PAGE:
Ashworth played a central part in the design and increasingly controversial construction of the Sydney Opera House. He was a member of a committee set up by Premier Joseph Cahill to investigate the site and design. After the decision was made to hold an international design competition, he was appointed chairman of assessors. The panel—Ashworth, New South Wales government architect Cobden Parkes, English architect (Sir) Leslie Martin, and American architect Eero Saarinenchose Danish architect Jørn Utzon as the winner in January 1957.

An opera house executive committee was formed in 1957. Two advisory panels were appointed: a music and drama panel and a technical panel, chaired by Ashworth, which was to advise the committee on building matters. The project was plagued by escalating costs and delays, which were causing considerable concern by the time the Liberal Party-Country Party coalition came to power in May 1965. When Utzon resigned in February 1966, Ashworth attempted to achieve a compromise in discussions with the premier, (Sir) Robert Askin, the minister for public works, (Sir) Davis Hughes, and Utzon, but to no avail. Utzon left Australia in April 1966, believing Ashworth had not been supportive; Ashworth denied this, pointing out his continuous support and efforts to reach a resolution. The final technical advisory panel meeting was held in December 1967, and Ashworth became a member of the newly formed Sydney Opera House Trust.

Ashworth entered a new stage in his career when, invited by the vice-chancellor, (Sir) Philip Baxter, he joined the University of New South Wales on the retirement of Frederick Towndrow. He became dean of the faculty and head of the school of architecture and building in January 1964. During his tenure the departments of town planning and of building, previously part of the school of architecture, became separate schools, and a department of landscape was established. Other achievements were the restructuring of the undergraduate architecture course and the setting up of the Architecture Foundation, a sponsorship scheme enabling prominent architects to visit the university. He retired, as emeritus professor, in 1972.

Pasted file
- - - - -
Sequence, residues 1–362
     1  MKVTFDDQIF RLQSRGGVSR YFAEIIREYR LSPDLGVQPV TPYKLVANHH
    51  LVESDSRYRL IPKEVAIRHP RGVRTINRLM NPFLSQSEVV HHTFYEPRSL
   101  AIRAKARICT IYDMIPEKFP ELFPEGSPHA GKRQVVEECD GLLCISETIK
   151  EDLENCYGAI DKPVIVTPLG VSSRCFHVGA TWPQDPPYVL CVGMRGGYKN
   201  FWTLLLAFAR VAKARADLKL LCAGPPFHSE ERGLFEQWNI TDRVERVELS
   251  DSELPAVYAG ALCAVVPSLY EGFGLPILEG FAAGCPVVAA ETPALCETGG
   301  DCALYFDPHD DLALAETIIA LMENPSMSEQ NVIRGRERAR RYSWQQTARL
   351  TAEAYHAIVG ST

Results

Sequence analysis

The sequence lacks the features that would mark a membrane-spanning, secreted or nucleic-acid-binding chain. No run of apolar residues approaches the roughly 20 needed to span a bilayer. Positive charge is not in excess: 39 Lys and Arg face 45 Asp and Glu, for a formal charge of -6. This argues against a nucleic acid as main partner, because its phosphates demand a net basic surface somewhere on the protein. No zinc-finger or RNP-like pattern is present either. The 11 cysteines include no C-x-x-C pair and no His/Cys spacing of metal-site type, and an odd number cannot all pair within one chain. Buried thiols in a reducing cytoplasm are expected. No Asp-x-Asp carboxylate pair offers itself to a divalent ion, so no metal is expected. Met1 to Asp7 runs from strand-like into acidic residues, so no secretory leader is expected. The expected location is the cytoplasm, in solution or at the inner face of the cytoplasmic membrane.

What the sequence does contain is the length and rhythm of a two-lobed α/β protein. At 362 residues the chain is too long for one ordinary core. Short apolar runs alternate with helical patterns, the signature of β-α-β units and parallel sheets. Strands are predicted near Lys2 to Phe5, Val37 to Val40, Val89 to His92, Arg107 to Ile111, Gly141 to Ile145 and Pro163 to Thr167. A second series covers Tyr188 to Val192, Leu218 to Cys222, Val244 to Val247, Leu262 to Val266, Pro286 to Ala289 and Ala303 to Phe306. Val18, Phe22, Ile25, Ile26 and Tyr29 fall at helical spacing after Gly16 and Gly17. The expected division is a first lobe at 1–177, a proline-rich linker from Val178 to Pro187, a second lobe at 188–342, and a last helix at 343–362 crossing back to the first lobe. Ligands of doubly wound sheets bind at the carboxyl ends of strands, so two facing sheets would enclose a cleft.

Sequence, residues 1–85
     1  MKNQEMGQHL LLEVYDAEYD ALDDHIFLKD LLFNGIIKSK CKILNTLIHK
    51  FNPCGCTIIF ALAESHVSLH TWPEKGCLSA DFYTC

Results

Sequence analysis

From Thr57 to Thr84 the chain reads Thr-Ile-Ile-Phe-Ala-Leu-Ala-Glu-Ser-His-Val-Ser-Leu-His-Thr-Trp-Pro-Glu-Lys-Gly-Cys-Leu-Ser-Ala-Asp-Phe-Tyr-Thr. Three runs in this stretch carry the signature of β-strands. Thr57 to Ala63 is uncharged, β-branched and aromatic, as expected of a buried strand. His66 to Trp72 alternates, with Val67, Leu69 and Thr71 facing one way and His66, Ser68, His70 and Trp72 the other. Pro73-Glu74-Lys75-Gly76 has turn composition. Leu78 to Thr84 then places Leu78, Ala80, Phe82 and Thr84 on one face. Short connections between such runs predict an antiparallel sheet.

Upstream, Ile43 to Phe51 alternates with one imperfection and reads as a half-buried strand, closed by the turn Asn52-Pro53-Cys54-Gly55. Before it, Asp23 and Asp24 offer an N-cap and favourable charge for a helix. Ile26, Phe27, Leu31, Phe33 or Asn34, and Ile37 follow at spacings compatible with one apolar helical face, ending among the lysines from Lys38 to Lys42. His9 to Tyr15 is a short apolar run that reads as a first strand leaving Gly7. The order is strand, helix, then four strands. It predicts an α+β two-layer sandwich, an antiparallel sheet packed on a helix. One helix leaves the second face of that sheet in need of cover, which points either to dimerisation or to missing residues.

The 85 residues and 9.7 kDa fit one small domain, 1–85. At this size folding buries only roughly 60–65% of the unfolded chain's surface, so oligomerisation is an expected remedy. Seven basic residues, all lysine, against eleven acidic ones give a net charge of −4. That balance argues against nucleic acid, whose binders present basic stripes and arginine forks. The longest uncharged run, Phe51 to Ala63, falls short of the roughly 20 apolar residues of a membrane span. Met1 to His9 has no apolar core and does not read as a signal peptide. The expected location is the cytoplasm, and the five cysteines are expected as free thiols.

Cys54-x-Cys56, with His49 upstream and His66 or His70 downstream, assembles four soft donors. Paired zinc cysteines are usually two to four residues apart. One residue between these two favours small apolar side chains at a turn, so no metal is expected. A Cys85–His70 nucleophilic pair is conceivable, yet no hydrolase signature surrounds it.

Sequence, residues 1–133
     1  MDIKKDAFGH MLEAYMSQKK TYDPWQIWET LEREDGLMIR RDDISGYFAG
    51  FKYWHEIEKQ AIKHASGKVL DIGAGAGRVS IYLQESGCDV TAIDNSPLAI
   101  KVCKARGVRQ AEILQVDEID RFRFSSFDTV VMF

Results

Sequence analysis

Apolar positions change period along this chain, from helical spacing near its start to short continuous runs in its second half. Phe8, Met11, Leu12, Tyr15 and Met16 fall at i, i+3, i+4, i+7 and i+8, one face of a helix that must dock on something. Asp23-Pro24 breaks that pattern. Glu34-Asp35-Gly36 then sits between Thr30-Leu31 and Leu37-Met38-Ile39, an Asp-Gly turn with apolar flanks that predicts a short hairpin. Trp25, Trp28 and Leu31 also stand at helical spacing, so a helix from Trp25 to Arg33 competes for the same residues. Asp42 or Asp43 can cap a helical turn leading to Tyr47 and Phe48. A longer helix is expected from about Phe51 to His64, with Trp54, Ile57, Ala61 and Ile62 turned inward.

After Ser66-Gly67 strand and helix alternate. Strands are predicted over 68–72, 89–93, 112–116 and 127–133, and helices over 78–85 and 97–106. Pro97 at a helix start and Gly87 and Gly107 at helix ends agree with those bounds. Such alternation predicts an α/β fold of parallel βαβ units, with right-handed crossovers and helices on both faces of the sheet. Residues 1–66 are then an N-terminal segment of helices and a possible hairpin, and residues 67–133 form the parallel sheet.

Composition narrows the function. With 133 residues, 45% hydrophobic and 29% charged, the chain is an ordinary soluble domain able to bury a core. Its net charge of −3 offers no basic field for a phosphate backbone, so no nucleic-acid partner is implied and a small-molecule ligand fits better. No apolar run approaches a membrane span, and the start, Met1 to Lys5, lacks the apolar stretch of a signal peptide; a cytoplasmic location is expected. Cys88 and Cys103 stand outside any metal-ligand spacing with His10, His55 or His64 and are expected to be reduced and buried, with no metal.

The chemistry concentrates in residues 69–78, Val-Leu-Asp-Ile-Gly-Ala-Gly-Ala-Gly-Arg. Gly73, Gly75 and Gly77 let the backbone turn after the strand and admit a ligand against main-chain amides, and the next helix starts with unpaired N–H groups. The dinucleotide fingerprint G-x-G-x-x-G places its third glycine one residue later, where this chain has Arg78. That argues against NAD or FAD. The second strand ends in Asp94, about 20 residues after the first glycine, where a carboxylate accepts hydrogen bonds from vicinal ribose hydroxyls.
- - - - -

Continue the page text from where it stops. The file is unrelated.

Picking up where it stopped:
Although dedicated to his academic and committee work, Ashworth made time to consult on various architectural projects. During the 1960s he worked on the Wentworth Hotel in Sydney. Other consultancies included Moore College in Sydney, the arts and architecture buildings at the University of Adelaide, the Reserve Bank in Sydney and Canberra, and new stands for the Australian Jockey Club at Randwick. He was appointed OBE in 1963.

A fit, healthy-looking man who had suffered from poor eyesight since the age of twelve, Ashworth enjoyed golf and woodworking. He was a member of the Anglican Church. Survived by his wife and three daughters, he died on 26 November 1991 at Wahroonga, Sydney, and was cremated.

Research edited by Karen Fox

Select Bibliography

  • Ashworth, Henry I. Interview by Susan Ogg, November 1984-January 1985. The University Interviews Project, edited by Victoria Barker and Linda Bowman. University of New South Wales Archives
  • Daniels, Eric. ‘Retirement.’ Bulletin (Royal Australian Institute of Architects New South Wales Chapter), no. 9 September 1972, 2
  • Johnson, Paul-Alan. ‘Ashworth, H. Ingham.’ In The Encyclopedia of Australian Architecture, edited by Philip Goad and Julie Willis, 47-48. Port Melbourne: Cambridge University Press, 2012
  • National Library of Australia. MS 4500, Papers of Henry Ingham Ashworth, 1954-1968
  • Sydney Morning Herald. ‘An Architect of Foresight.’ 29 November 1991, 9
  • University of Sydney Archives. G3/187, Personnel file H. I. Ashworth
  • Wollaston, Barry. ‘Emeritus Professor Harry Ingham Ashworth.’ Uniken, 6 December 1991, 6.

Additional Resources

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Citation details

Roy Lumby, 'Ashworth, Henry Ingham (1907–1991)', Australian Dictionary of Biography, National Centre of Biography, Australian National University, http://adb.anu.edu.au/biography/ashworth-henry-ingham-15498/text26714, published online 2014, accessed online 15 December 2018.